1. When I finally noticed that rock accent on the power box, my reaction was the same!! People do often give up instead of use the negative to make a greater positive, as you note in your neighborhood. No problem on the ID!

  6. I like your commentary a lot here. Why is it that NM do not attempt to beauty their homes more from the outside? I noticed that briefly as we drove through the area last time. Do they think it's useless to do so? It's a strange culture...all desert communities with different takes on things. Tucson does INDEED...especially the next two months go overboard when it comes to landscaping....even people who rent. This would be a fascinating study socially to figure out why NM's don't put the money into their landscape. Peach and apricot trees right now are out of this world.

    1. Thanks...I added the comments at the end, so I am glad I did! Your comment on NM's (Abq's) lack of interest in the outside spaces is spot-on, and it is hard to visit places like Tucson, Phoenix, or even Las Cruces and Las Vegas, only to return to this. Great social / cultural study idea to explore on a future post...

      The same trees you have in bloom are waiting out today, and I bet by Mon or Tues...a floral "pow"!

  7. Same as above. Cool plants with weird gravel. I'd be tempted to do the local oaks with pinyon. It would one of those "hippie yards". lol

    1. I know - the comments from others so right-on, that they are valuable with only photos and plants listed from me. I like your hippie yard idea...

      I am doing a follow-up post to cover my walking inventory of natural areas adjacent to my 'hood, same format.

  8. Ah yes...the builder see them pretty much everywhere...with the same effect (even if the plants themselves vary by the region).

    1. Same stuff, different channel! I guess if I can't help improve it, I can always work elsewhere (which I do), or I can move (hmmm...).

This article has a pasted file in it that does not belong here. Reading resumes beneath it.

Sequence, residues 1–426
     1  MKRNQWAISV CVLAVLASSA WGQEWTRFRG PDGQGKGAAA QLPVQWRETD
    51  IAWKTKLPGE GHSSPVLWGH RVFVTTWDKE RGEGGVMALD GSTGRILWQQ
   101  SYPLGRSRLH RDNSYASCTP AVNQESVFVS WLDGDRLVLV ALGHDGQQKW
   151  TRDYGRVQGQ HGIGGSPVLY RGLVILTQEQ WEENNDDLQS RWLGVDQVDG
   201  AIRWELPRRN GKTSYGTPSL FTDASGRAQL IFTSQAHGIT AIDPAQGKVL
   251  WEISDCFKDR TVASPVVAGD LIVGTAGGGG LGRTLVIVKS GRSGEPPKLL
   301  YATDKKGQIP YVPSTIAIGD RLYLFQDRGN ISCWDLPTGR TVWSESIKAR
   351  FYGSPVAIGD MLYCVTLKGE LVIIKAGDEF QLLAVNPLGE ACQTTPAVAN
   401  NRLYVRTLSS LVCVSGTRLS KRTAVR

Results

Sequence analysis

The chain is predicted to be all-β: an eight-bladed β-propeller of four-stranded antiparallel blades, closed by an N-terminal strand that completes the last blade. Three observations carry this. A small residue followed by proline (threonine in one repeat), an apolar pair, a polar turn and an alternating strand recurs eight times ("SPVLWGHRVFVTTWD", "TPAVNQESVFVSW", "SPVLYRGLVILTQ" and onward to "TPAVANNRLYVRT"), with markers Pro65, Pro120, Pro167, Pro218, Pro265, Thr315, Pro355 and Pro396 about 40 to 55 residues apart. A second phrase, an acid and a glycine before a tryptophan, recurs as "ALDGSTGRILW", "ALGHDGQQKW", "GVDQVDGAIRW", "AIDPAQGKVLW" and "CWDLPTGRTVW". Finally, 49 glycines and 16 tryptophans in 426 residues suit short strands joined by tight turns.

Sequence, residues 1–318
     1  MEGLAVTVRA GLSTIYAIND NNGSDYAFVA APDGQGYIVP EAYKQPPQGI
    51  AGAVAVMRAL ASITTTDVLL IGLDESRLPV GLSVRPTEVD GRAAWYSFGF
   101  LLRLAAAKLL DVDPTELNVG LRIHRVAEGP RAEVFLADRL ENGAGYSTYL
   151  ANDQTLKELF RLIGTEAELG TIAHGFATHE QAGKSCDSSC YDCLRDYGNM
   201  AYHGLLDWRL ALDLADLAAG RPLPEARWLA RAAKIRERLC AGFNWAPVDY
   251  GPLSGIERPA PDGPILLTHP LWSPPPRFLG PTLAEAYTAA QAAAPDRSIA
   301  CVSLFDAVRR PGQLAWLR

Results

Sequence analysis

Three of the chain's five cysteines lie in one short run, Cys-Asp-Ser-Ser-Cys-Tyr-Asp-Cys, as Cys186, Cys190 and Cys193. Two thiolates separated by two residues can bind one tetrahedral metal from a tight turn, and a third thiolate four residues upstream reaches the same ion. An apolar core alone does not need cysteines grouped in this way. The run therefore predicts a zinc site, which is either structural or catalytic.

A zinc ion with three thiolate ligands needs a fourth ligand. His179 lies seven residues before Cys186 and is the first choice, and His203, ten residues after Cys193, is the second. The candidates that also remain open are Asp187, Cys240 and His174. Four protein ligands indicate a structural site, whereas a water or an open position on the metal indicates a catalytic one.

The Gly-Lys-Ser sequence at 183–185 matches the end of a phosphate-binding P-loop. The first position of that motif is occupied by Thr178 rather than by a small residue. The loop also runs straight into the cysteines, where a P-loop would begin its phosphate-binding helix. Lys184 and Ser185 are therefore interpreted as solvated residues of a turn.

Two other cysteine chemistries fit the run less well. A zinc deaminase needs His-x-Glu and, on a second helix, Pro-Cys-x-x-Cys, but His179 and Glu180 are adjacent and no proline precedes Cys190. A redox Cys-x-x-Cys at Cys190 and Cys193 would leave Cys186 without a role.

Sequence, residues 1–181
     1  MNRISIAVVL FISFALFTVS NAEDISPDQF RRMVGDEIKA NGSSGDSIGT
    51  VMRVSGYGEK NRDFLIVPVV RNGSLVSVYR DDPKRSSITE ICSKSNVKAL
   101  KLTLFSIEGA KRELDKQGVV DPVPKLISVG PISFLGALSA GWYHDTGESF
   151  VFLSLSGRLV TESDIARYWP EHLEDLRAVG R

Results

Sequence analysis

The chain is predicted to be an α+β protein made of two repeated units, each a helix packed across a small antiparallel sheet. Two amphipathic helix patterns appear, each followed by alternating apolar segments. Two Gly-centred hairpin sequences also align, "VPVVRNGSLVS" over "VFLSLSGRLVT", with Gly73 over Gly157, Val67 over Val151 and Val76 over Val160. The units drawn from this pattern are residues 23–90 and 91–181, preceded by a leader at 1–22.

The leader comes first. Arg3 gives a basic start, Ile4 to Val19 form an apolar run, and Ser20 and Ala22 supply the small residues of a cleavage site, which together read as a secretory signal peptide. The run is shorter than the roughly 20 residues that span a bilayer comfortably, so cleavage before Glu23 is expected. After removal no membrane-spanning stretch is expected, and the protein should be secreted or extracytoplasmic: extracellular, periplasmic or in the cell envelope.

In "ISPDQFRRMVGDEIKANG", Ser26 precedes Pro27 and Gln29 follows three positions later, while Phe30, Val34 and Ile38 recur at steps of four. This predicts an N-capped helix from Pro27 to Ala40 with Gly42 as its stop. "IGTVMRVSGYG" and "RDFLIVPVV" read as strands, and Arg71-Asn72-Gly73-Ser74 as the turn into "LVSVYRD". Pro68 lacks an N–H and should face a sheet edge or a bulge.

Hence my sanity hikes to refresh my mind!

  9. Thank you so much for participating in my Winter Walk-Off, and bless you for trying to improve your neighborhood's landscape. It looks like you have nowhere to go but up.

    In new-build neighborhoods and in commercial construction here, the local cities mandate a certain percentage of the total cost be spent on landscaping. The choices are not always the best, but a greater effort seems to be made. The code people will really get on your case if you clear any wild areas, then your mandate to landscape is even greater and they give you a list of must-plant species with minimum sizes.

    I hope the Albuquerque Chamber of Commerce and Board of Tourism don't read your blog, but I love your honesty. Thanks again!

    1. You are most welcome...what a good idea you had to know one's walkable area. My follow-up will be a walk through the nice natural areas just beyond.

      Your landscape codes sound valuable in protecting the land and all on it, and they are to be applauded. Our codes are better than what they were, but... "Nowhere to go but up"...exactly! (and I concentrated on native plants in front yards)

      I hope those you note, plus builders, CABQ officials and others, read this in context and how others see the way city neighborhoods present themselves.

  10. Why don't you host a landscape design open house for your neighbors and give them ideas? If they are a little like me, they might be suffering from analysis paralysis. I wish I had a neighbor who could help my landscape with one or two thoughtful suggestions. Signed - Landscape Design Dummy in Cheyenne

  11. Now that is my kind of nieghborhood. Love the natives and the bold Y. faxoniana's.

    1. It could be worse, and most homes have nice plant bones to work with. Seems a walk in the public open space behind the homes to seek out patterns and plant species would benefit most homeowners there.

  12. Enjoyed reading your typology. Are these yards good/poor examples of xeriscaping?
    -- Georgia (local ecologist)

    1. I would say ecologically and asthetically-speaking, they need to be re-graded to catch and absorb stormwater instead of drain it off, then 5-10 more companion plants---my area has a 20-40% live plant cover of the ground surface. Small yards, decent bones, but time for some herbaceous plants like native grass clumps, wildflowers, maybe smaller shrubs and some more cacti. Doing it oneself, that would cost $100-150, plus an afternoon. Alot cheaper than plane tickets to even the nearest city Southwest Airlines flies to...